Total energy intake was similar over the dietary treatment period (between 3 and 13 days after tumor implantation) in the SD-UR+2-DG and SD-UR groups, but more variability was noticed in the SD-UR+2-DG group (Fig 1A). Energy intake was similar between the KD-R and KD-R+2-DG groups over the dietary treatment period. Body weights were reduced to a similar degree (~20%) in the two groups fed the KD-R (Fig. 1A & Fig. 1B). We previously showed that matching body weights within control and treatment groups was absolutely critical for correct data interpretation [13, 18]. In the current study, we found that administration of a low-dose of 2-DG had no significant affect on either body weight or on CT-2A tumor growth in mice fed the SD-UR (Fig. 1B & Fig. 1C). These results contrast with those of Zhu et al., who showed that administration of low dose 2-DG in an unrestricted standard high carbohydrate diet could reduce mammary tumor growth in rats . The differences in the results between the two studies could be attributable to the different rodent species used, the mode of drug delivery, or to the location of the tumor (brain vs. subcutaneous flank).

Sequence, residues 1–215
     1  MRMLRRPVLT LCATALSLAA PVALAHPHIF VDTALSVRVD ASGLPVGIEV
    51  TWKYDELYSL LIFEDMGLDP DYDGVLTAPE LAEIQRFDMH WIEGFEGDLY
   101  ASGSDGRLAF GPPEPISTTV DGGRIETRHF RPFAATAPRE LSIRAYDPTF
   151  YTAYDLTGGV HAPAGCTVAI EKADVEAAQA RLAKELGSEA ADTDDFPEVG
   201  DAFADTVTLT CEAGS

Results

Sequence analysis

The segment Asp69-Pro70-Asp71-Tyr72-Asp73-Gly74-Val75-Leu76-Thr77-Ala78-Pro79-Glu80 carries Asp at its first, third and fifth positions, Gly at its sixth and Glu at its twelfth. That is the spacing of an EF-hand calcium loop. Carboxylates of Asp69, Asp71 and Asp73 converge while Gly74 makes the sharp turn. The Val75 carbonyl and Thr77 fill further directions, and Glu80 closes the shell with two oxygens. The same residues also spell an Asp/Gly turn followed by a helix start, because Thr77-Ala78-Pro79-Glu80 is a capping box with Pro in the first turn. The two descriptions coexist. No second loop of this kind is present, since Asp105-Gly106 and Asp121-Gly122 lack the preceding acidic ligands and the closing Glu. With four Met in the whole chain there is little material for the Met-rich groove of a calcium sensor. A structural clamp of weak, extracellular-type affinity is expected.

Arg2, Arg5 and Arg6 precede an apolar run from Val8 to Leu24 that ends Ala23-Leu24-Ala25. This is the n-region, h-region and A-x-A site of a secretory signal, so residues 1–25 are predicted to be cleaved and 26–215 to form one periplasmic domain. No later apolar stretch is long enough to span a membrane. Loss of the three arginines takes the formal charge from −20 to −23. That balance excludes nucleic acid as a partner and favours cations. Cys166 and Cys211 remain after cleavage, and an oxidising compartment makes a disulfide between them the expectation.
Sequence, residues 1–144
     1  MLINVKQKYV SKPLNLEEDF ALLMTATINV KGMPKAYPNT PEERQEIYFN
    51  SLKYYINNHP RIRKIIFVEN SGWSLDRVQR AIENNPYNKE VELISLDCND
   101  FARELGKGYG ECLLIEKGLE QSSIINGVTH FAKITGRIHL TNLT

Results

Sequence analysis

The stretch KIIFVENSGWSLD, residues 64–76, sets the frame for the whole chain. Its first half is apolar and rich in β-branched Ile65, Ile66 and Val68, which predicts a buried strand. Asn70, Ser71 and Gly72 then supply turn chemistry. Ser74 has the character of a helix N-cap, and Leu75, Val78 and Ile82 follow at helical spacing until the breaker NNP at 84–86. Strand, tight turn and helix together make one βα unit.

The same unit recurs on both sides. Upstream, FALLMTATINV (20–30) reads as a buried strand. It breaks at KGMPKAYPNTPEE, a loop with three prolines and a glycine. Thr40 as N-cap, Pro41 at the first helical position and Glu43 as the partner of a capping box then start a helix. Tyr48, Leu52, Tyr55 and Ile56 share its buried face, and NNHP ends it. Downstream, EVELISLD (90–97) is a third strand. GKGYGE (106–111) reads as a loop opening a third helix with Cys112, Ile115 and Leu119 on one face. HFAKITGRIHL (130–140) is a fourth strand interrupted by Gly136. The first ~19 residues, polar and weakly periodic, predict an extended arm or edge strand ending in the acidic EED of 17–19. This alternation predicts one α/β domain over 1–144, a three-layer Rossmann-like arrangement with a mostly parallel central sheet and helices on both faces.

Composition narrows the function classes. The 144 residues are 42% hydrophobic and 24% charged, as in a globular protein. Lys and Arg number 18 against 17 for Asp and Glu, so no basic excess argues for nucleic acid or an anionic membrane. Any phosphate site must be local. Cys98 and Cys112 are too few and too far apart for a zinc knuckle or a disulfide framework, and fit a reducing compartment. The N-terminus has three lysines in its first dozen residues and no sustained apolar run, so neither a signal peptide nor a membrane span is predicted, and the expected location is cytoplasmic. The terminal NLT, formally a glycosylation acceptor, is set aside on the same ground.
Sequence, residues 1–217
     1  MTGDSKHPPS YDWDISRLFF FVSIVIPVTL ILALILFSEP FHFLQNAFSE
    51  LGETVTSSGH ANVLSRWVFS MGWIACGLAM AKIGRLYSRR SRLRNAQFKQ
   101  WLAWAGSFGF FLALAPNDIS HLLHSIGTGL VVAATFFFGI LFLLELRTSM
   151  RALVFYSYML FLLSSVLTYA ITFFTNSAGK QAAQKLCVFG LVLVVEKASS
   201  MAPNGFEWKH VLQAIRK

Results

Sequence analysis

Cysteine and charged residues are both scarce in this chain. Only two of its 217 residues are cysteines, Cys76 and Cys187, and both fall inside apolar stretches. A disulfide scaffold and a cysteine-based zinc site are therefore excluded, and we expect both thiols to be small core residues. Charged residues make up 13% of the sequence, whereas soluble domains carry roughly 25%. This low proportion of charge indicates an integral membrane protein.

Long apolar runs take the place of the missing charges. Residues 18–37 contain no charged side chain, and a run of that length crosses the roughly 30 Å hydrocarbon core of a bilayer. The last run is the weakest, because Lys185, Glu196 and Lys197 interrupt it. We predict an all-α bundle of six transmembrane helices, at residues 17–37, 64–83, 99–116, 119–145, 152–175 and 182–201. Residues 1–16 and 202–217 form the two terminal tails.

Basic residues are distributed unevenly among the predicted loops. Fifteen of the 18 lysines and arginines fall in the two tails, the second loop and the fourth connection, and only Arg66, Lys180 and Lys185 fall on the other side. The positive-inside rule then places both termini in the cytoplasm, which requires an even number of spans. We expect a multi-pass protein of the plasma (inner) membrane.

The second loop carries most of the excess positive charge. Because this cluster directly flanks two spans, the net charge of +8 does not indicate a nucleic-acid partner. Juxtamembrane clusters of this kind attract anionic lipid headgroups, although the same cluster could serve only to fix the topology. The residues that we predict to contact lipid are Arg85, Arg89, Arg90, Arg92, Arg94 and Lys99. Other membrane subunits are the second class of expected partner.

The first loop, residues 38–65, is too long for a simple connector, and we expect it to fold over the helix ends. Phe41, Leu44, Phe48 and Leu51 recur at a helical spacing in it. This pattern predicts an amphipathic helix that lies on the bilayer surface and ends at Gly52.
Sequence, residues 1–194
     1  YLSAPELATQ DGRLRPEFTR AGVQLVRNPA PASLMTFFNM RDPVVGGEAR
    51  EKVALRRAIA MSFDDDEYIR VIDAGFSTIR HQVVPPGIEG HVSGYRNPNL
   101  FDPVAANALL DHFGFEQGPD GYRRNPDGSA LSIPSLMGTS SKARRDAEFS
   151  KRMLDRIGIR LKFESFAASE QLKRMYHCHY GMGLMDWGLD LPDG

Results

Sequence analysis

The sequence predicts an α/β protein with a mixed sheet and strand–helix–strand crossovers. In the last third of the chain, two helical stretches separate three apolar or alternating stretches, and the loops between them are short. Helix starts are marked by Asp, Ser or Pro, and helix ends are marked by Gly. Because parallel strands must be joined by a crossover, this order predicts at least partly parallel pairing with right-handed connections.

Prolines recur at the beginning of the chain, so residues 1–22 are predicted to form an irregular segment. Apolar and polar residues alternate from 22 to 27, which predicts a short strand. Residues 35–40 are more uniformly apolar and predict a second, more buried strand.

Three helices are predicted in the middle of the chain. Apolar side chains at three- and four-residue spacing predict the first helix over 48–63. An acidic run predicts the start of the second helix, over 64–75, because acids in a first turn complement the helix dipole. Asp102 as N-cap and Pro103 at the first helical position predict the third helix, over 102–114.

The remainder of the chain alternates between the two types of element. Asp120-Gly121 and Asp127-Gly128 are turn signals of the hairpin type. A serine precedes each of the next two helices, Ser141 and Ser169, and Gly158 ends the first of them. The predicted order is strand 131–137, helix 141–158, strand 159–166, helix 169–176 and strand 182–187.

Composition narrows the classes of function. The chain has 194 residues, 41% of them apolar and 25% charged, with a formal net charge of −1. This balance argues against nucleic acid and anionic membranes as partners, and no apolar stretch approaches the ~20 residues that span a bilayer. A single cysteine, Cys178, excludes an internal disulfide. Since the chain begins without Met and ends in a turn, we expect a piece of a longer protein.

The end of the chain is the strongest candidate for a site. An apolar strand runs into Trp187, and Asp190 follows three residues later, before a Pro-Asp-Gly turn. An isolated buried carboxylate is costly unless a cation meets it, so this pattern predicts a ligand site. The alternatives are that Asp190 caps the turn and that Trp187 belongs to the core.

We found that the average tumor weights for both the KD-R and KD-R+2-DG groups were significantly lower than those for the SD-UR group (48% and 80%, respectively) (Fig. 1C). These observations are consistent with prior studies showing that the KD-R can significantly reduce orthotopic CT-2A tumor growth [15, 18], and also provide novel evidence that a low dose of 2-DG could act synergistically with the KD-R to further reduce growth in this mouse astrocytoma. The gross appearance of the mice bearing the CT-2A tumors in the UR and R groups in this study was similar to those that we showed previously for the restricted standard and ketogenic diets . While tumor wet weight was reduced more in the KD-R + 2-DG group than in the KD-R group, facial appearance and skull size was similar in these groups. It is necessary to mention, however, that the combined therapy produced adverse effects on mouse health and vitality. Several mice in the KD-R+2-DG group died while the survivors appeared more lethargic than the mice in the KD-R group (Fig. 1D). We suggest that energy stress was greater in mice receiving the drug/diet combination than in mice receiving either dietary restriction or 2-DG alone. Nevertheless, the results show that 2-DG in combination with the restricted ketogenic diet was synergistic with regard to tumor growth and that potential adverse effects might be reduced with adjustments in either drug concentration or in diet restriction. Further studies will be needed to test this hypothesis.